Interview – Tanisha Fazal

Tanisha Fazal is an Associate Professor of Political Science and Peace Studies at the University of Notre Dame in the Department of Political Science. She is also Co-Director of the Notre Dame International Security Program, a Faculty Fellow at The Center for Civil & Human Rights, and Co-Director of the Civil War Initiation and Termination project. Her book State Death: The Politics and Geography of Conquest, Occupation, and Annexation won the Best Book Award from the Conflict Processes section of the American Political Science Association in 2008. Her books explains the puzzle of why “of all the states on the map of the world in 1816, nearly half no longer exist today.” Prior to joining the faculty at Notre Dame, Professor Fazal taught at Columbia University, and held fellowships at the Center for International Security and Cooperation at Stanford University and the John M. Olin Institute for Security Studies at Harvard University.

Professor Fazal discusses her research on state death, breakthroughs in the study of civil war initiation and termination, and changing norms of humanitarian intervention.

Where do you see the most exciting research/debates happening in contemporary IR?

I like research that mixes things up by, for example, studying civil and interstate wars together, or using individual-level data to build up theories around organizations employing political violence. I think there’s a lot of interesting work going on at each level of analysis right now, but what’s needed is work that connects the levels of analysis.

What are the most important/interesting areas of IR theory that are underdeveloped today or understudied at the moment? Where is there most need and scope for new thinking?

There are so many actors on the world stage today whose politics have a real impact on people’s lives – multinational corporations, rebel groups (many of which govern territory fairly effectively), NGOs. These actors have started to engage in their own versions of not-quite-international relations that we don’t have a handle on yet. For example, Google deals with governments around the world on a daily basis and in a way that has serious consequences for individual internet users – see the recent European Union Court of Justice ruling on the “right to be forgotten.” Secessionist regions like Somaliland sometimes exert greater sovereignty over the territory they claim than the governments from which they seek to secede. Breaking out of the state-based notion of IR will be important if we don’t want to miss these critical developments in how the world works.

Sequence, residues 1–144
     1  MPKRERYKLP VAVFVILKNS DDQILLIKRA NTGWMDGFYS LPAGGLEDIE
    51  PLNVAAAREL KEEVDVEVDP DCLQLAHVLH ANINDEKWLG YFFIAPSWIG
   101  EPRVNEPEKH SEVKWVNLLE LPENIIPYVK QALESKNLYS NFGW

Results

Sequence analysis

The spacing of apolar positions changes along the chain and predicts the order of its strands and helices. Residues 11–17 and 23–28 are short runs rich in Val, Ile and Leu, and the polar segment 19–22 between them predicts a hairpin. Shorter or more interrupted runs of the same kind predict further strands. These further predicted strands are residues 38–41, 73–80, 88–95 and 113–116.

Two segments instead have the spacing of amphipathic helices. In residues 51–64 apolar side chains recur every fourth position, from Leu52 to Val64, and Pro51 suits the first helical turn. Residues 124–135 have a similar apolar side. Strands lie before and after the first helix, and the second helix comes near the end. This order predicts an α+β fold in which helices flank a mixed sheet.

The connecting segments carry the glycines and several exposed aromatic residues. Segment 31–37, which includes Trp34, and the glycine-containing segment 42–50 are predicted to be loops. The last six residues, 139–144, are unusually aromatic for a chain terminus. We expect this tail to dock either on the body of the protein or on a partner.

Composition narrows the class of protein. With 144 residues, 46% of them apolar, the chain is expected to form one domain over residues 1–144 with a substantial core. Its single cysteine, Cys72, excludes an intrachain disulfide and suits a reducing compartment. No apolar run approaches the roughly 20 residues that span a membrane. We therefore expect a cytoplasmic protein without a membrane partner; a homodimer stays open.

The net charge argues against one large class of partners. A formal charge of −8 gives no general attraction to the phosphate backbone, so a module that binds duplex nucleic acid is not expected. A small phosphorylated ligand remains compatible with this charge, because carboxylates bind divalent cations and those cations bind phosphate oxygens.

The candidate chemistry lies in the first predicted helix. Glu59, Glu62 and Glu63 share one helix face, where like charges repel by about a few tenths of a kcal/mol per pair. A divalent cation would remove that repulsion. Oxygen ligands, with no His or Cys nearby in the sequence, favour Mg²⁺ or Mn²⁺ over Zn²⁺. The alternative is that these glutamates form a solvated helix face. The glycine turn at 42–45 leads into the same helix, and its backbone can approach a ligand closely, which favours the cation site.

Does the existence of the various discrete theoretical paradigms in IR (realism, liberalism, etc.) help explain international politics today, or do they, as some argue, largely talk past one another and therefore obscure more than they illuminate?

I think the paradigms can be useful insofar as they give us a place to start – they also help make us aware of our assumptions about the world. But I also think they can be a hindrance when they steer research in particular directions that bypasses interesting and important questions.

Your book State Death: The Politics and Geography of Conquest, Occupation, and Annexation argues that buffer states – those that lie between two rival states – are the most vulnerable to conquest, but that changing norms of conquest since 1945 have led to a dramatic decline in “state death.” What implications does this research have for the crisis in Crimea and eastern Ukraine? Does this crisis represent a subversion of these changing norms, or is it the exception that proves the post-1945 rule?

In some ways, we could think of Ukraine as a buffer state caught between NATO to the west and Russia to the east. And certainly, the protests last year appear to have been precipitated by a question of whether Ukraine would be economically allied with Russia or with the west. So I’m not surprised that Russia has reacted by nibbling at parts of Ukraine. In taking the Crimea and also making threatening moves in eastern Ukraine, Russia is certainly chipping away at the norm against taking other states’ territory. But part of what’s fascinating about this case is that Russia has been investing in a façade that it is compliant with international law in the process. The “little green men” are evidence of this attempt. While I wouldn’t say that Russia is putting a lot of resources into creating the appearance of complying with international law, the insignia did not magically fall off all those uniforms; in other words, it does take resources to be able to create the legal fiction (in this case) of compliance. Whether this leads to a subversion of the norm against territorial conquest is an open question. As I argue in my book, I don’t necessarily see the norm as one that will be around forever. I do think, though, that violations at the edges of the norm, such as this one – where Russia is invoking the principle of self-determination as it violates the norm of territorial integrity – are extremely risky for the future of the norm. My guess is that the response from the west would have been much stronger had Russia tried to take over all of Ukraine, and such a response would have shored up the norm against conquest.